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Secondary Osteoporosis

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The cause of secondary osteoporosis is completely different from primary osteoporosis. The former is consequence of side effect of drugs, hormonal and various types of health disorders, etc.  Such medical circumstances can lead to bone loss and bone fragility. In case of secondary osteoporosis, the problem doesn’t lie in the bone but is induced from a direct cause.

Symptoms of secondary osteoporosis

Secondary osteoporosis is in itself asymptomatic, unless the person gets fracture due to weak bones.  However, symptoms of the primary disease will definitely be present. Since the primary disease leads to osteoporosis, doctors will look for symptoms of pain in back and abnormality in the posture of the body.

Causes of secondary osteoporosis

Since the reasons behind secondary osteoporosis are diverse, we categorise them as:

Medical and Hormonal conditions

  • Rheumatoid arthritis
  • Chronic kidney disease
  • Liver disease
  • Anorexia
  • Pancreatic disease
  • Pulmonary diseases
  • Graves Disease – Hyperthyroidism
  • Sex hormone deficiency
  • Diabetes mellitus
  • Cushing’s syndrome
  • Vitamin D deficiency
  • Spinal cord injury
  • Leukemia and lymphomas
  • Celiac disease
  • Hypercortisolism
  • Multiple sclerosis
  • Premature menopause
  • Crohn’s disease

Drugs and chemicals that lead to secondary osteoporosis

  • Anticoagulants, these anti clotting medicines can interfere with absorption of vitamin K and D, resulting in bones with low mineral density
  • Anticonvulsants can hinder metabolism of the vitamin d, which aids in bone mineralization
  • Anti-neoplastics are used for treatment of cancer. They tend to lower synthesis of sex hormones. Ex: aromatase inhibitors, Tamoxifen
  • Antacids that contain aluminium interfere with absorption of calcium and proton pump inhibitors.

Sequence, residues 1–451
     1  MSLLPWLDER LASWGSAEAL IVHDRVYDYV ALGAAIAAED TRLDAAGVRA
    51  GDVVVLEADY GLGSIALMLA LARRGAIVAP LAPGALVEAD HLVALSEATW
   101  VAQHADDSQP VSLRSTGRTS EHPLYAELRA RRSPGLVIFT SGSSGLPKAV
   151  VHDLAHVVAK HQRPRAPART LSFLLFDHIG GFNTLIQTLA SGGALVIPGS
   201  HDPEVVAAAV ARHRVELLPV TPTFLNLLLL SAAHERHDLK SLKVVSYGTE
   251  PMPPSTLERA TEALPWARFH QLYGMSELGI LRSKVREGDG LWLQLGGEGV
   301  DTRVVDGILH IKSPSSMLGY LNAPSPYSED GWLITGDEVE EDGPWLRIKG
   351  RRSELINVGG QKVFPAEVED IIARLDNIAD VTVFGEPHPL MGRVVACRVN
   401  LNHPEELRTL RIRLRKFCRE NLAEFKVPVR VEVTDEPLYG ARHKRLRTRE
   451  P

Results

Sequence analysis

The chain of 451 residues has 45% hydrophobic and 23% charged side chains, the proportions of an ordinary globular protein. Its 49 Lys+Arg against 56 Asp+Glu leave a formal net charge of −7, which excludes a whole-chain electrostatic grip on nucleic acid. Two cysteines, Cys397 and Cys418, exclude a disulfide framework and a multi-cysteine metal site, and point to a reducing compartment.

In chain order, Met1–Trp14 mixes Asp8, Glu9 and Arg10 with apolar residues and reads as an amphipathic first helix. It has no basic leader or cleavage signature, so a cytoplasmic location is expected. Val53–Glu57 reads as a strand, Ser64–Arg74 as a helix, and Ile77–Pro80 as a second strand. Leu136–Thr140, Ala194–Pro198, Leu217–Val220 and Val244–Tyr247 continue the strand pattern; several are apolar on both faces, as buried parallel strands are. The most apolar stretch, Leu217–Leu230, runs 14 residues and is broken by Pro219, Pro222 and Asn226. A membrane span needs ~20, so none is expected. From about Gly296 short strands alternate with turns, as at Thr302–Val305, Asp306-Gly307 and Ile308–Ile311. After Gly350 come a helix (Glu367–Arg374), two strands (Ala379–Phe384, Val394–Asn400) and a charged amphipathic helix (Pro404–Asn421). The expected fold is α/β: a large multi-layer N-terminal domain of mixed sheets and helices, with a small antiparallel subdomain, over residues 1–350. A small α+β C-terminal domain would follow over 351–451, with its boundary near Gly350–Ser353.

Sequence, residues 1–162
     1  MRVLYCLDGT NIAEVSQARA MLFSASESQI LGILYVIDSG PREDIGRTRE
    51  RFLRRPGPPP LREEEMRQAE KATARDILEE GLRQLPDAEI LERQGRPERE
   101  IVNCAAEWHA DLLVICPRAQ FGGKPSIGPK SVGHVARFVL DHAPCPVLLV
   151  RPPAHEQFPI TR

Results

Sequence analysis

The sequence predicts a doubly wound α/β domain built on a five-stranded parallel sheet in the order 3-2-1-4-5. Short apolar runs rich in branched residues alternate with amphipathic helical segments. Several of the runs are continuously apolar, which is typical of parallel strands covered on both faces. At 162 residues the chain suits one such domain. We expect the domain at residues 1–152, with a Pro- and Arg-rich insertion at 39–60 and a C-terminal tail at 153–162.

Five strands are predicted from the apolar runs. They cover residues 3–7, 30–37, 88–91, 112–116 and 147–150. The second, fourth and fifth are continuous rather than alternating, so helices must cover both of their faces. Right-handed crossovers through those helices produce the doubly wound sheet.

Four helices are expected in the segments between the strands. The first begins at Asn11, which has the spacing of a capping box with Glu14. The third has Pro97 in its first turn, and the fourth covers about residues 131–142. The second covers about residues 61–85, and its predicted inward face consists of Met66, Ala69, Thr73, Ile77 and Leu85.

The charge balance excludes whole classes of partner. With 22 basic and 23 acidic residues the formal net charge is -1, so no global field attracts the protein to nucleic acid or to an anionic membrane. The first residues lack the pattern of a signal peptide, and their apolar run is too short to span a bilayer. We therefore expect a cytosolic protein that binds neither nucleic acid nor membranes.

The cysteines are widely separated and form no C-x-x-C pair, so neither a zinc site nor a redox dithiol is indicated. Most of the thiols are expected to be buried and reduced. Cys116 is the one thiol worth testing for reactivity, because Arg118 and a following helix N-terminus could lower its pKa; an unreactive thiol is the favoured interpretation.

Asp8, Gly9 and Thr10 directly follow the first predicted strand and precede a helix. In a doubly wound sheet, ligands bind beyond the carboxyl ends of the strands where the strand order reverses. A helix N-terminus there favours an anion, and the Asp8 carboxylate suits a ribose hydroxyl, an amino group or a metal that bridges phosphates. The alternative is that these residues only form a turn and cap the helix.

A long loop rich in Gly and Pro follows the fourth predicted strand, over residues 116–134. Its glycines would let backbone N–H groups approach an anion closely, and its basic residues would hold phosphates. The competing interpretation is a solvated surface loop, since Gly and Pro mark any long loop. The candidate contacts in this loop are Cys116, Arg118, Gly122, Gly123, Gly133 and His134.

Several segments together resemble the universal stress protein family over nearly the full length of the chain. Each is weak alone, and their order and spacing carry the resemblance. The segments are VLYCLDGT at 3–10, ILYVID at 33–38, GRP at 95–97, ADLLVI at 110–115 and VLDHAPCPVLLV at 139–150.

• Some other drugs are antipsychotic, anti-depressants, barbiturates, aromatase inhibitors, antiretroviral, corticosteroids, etc.
  • Alcohol abuse and excessive smoking

Complications of secondary osteoporosis

Secondary osteoporosis can have the following complications:

  • Vertebrae fracture
  • Colles fracture
  • Hip fracture
  • Wrist fracture

The aforementioned are major types of fractures and the post fracture complications can be severe enough to be fatal especially for old people.

Diagnosis of secondary osteoporosis

Diagnosis of secondary osteoporosis involves a comprehensive study of the medical condition that has lead to bone loss.  You need to present the reports of your medical treatments and drugs. Furthermore, your doctor will also enquire about your smoking and drinking habits and probable family history of osteoporosis.

If he/she suspects secondary osteoporosis, then you need to undergo a Bone Mineral Density (BMD) test. The technique, known as DEXA scan or dual X ray absorptimetry, is performed at the spine, hip or the lumbar region to estimate the risk of fracture.

Blood and urine tests are performed to check metabolism of bones. This helps to diagnose the progression of the disease. The blood tests also determine density of bone minerals like calcium, phosphate and other minerals.

However, apart from bone tests one might also need to undergo several other tests like kidney tests, liver function tests, etc. to rule out the underlying cause of secondary osteoporosis.

Treatment of secondary osteoporosis

The treatment of secondary osteoporosis is much complicated than osteoporosis as the former entails curing the primary cause as well the osteoporosis.

Therefore, we can say that the first line of treatment involves healing the patient from the medical condition, hormonal complications, etc. Drug induced osteoporosis needs careful scrutiny of the dosage and then modifying it without causing any side effects. An alternative approach may also be suggested by your doctor.

Drugs used to improve bone mineral density are vitamin D and calcium supplements. Bisphosphonates may be suggested by doctors. They can be taken orally or are given intravenously. Lastly surgery may also be performed when there’s fracture.

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Written by: Saptakee sengupta
Date last updated: January 29, 2015